The Bombay High Court upheld the constitutional validity of the reservation awarded to the Maratha community in government jobs and education, but said the quota percentage should be reduced from 16% to 12% to 13% as recommended by the State Backward Classes Commission (SEBC).
The court was hearing a bunch of petitions challenging the Maharashtra government’s decision to grant 16% quota to the community in government jobs and educational institutions.
A division bench of Justices Ranjit More and Bharati Dangre said the quota percentage should be reduced as recommended by the State Backward Classes Commission (SEBC). The commission in it report earlier had recommended 12% quota in education and 13% in jobs.
The Court said that the state government possesses legislative competence to create a separate category of the Socially and Educationally Backward Class and grant reservation.
The court further held that the state’s legislative competence is not affected by the amendment to Article 342(a) of the Constitution. As per the 102nd amendment to Article 342(a), reservation can be granted only if a particular community is named in the list prepared by the President of India.
The bench said in its judgment that the report submitted by the State Backward Classes Commission was based on quantifiable data and was correct in classifying the Maratha community as socially and educationally backward.
The court said it was aware the Supreme Court in the past said the quota should not exceed 50%. “However, in exceptional circumstances, the 50 per cent (limit) can be exceeded if it is based on quantifiable data,” it said.
Nationalist Congress Party (NCP) leader Chhagan bhujbal has expressed his views on court’s decision, this is a victory for not just the government, but the entire state, all the opposition parties.
Soon after the judgment was delivered,the state government told the court that it has already granted admissions in post graduate medical courses under the reservation up to 16%.
Government counsel VA Thorat sought permission to let the percentage remain 16% for these courses this year. The bench asked the government to file a separate application for this.
On November 30 last year, the Maharashtra legislature passed a bill proposing 16% reservation in education and government jobs for the Marathas under the SEBC category. Several petitions were filed in the high court challenging the reservation, while a few others were filed in support of the quota.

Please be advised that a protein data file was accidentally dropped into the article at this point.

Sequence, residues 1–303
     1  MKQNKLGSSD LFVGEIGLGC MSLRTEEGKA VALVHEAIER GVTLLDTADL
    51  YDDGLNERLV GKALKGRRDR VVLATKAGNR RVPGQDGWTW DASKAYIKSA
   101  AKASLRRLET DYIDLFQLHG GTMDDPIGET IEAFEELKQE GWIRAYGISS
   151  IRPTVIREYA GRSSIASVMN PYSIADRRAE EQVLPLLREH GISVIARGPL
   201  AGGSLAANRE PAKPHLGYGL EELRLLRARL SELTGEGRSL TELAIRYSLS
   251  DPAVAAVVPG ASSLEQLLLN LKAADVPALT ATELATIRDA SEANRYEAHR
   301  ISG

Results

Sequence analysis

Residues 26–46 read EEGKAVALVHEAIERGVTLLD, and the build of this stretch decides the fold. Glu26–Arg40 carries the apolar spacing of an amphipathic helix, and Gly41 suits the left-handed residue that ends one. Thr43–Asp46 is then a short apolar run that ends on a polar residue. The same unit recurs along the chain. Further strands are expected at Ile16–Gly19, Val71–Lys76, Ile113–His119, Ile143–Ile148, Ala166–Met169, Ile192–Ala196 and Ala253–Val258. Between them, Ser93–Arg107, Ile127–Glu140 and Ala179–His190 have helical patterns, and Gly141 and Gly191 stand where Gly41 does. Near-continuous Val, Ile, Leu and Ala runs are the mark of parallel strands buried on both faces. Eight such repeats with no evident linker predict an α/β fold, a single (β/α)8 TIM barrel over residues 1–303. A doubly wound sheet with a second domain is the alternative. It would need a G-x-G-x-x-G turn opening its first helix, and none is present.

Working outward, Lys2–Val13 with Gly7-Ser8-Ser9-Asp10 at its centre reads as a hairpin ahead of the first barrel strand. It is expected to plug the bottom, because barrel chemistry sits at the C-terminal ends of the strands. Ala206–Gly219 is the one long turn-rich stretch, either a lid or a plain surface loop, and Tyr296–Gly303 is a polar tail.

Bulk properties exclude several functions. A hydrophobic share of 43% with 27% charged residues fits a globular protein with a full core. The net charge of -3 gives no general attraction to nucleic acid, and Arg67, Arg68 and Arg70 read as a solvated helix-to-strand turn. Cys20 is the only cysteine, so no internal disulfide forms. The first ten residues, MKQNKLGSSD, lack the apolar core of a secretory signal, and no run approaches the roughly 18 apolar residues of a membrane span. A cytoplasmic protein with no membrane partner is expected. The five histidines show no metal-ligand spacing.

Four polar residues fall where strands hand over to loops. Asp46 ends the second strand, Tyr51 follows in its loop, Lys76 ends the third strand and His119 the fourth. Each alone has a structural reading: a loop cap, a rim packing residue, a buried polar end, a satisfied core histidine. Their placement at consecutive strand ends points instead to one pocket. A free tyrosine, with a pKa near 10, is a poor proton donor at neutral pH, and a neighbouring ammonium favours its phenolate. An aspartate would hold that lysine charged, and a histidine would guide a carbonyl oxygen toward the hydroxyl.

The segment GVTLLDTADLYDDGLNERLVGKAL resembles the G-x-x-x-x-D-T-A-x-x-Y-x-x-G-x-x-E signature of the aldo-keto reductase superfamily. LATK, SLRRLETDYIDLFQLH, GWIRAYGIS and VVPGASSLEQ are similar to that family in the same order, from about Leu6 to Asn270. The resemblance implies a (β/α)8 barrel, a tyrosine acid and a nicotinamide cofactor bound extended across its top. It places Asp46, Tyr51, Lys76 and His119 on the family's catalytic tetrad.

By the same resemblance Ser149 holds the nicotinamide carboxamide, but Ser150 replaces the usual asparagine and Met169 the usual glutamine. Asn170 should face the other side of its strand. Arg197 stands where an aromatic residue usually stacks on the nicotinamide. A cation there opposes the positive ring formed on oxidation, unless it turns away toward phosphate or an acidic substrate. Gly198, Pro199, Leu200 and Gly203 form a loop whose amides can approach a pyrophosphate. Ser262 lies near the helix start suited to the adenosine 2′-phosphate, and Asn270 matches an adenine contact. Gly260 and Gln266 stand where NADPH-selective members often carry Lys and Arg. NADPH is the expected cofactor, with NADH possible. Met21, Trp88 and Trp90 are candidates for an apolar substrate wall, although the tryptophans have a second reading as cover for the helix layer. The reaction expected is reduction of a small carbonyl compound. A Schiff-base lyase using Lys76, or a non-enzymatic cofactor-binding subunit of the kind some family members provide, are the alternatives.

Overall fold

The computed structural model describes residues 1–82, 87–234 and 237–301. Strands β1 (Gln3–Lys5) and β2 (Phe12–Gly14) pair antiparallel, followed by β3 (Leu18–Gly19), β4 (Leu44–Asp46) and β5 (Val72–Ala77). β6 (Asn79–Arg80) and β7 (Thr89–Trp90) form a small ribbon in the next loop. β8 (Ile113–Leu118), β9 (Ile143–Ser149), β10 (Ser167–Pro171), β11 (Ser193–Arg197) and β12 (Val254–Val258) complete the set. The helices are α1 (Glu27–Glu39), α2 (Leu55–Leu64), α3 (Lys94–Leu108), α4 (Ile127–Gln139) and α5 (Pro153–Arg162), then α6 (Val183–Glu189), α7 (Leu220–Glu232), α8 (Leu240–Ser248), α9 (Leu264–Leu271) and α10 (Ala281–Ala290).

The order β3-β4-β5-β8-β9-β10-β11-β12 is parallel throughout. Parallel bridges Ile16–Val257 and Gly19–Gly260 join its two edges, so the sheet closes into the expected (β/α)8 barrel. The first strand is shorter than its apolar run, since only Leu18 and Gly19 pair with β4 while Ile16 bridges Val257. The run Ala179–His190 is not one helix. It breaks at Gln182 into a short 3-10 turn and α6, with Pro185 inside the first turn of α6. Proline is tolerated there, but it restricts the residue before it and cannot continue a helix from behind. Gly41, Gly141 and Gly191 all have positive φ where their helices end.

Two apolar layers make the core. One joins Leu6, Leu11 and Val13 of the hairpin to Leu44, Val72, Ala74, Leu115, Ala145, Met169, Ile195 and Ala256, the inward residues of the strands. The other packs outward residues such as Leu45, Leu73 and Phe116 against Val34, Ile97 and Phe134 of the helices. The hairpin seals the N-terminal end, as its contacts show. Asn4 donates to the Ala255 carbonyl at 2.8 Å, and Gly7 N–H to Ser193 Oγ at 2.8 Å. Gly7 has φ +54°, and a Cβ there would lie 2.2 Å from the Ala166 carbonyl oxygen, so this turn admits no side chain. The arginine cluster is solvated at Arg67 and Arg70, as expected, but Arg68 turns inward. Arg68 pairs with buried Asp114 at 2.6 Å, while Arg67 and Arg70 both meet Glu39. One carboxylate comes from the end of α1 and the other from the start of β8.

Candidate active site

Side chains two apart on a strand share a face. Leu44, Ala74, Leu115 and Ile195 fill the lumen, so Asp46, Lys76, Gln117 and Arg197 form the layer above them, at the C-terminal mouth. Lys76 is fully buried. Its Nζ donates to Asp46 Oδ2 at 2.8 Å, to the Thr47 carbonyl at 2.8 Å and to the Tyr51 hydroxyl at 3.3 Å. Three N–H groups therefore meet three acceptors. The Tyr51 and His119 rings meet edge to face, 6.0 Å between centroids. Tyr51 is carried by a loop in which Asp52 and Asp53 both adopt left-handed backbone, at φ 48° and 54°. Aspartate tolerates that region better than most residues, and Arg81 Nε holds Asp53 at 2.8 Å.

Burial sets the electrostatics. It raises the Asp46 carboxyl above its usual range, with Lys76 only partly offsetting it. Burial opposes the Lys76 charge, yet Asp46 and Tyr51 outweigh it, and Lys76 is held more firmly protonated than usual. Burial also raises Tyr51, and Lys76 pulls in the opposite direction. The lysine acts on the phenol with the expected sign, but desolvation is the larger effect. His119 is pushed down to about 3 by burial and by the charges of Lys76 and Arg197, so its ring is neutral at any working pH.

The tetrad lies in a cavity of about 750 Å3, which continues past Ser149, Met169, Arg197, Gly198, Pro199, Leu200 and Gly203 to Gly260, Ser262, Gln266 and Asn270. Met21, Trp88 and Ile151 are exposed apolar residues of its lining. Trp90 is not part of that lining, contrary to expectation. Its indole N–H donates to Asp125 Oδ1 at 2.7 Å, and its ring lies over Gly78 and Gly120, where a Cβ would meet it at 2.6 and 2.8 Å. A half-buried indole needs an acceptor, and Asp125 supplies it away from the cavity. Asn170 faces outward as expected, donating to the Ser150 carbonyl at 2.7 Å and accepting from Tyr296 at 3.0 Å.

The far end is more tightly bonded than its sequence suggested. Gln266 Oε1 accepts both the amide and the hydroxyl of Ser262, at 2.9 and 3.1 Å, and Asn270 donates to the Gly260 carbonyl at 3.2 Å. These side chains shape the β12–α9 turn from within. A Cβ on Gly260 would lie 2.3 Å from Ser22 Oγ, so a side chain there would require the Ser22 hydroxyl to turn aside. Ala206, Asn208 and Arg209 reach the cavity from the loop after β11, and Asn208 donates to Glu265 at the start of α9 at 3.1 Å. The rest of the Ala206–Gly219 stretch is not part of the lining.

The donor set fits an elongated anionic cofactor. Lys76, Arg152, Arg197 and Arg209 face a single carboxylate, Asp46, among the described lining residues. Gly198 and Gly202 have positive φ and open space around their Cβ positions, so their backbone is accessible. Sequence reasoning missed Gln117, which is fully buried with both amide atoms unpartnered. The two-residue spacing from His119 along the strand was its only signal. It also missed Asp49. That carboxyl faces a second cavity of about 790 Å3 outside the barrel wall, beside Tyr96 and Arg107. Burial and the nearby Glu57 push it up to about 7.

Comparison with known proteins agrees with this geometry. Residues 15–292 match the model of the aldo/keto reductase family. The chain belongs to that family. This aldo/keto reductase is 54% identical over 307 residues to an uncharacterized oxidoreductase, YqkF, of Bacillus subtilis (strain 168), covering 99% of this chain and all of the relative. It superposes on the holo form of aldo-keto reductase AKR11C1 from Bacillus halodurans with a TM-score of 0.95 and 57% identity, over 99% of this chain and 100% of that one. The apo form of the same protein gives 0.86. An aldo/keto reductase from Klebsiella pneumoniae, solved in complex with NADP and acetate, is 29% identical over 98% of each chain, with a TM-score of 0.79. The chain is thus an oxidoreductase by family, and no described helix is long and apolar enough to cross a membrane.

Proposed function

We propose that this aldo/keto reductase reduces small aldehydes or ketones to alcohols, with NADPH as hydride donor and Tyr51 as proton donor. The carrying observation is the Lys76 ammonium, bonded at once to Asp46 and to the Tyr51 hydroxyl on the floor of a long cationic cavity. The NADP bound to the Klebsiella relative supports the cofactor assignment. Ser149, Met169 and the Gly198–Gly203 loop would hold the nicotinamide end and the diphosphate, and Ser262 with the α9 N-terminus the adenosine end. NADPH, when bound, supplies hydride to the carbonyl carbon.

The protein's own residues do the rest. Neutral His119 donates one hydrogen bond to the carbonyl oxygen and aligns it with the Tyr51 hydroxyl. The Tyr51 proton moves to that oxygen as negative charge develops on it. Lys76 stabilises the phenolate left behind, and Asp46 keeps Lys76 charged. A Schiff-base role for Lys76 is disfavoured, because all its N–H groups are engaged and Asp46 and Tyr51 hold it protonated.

The reservation will be in addition to the existing 52% reservation in the state.
On February 6, a division bench of Justices More and Dangre commenced hearing in all the petitions. In April this year, the court closed the petitions for verdict. The government, while defending its decision, had said reservation was only to bring up the Maratha community which was neglected since long.
The government has destroyed the concept of equality by setting up a special category — Socially and Educationally Backward Class — for the Maratha community, the petitioners argued.
They also claimed that as per the Maharashtra State Backward Class Commission report, Marathas and Kunbis are one and the same caste and hence, should be included in the Other Backward Classes (OBC) category.
In June 2017, the SEBC was asked to study the social, financial and educational status of the Maratha community. The panel submitted its report to the government in October 2018, noting that the Maratha community was backward.
The government, while defending its decision, said it was meant to alleviate the Maratha community, which was “socially and economically” backward. It also denied allegations that Chief Minister Devendra Fadnavis took the decision to appease Maratha voters.
Government counsels Mukul Rohatgi and VA Thorat earlier argued that the creation of SEBC and inclusion of Maratha community in it and the provision of 16% quota cannot be said to be “excessive or disproportionate”.
“The commission has taken into consideration each and every aspect of the matter and collected requisite and reliable data concerning the social, educational and economical backwardness of the Maratha community,” the state said in its affidavit filed in January this year.
“The commission has then come to the conclusion that the Maratha community is socially, educationally and economically backward,” the affidavit said.
The affidavit further claimed that the government was the custodian and regulator of social justice and enacted the Act after recognising the plight of the Maratha community, and that the ceiling of 50% reservation cannot be made applicable to all states.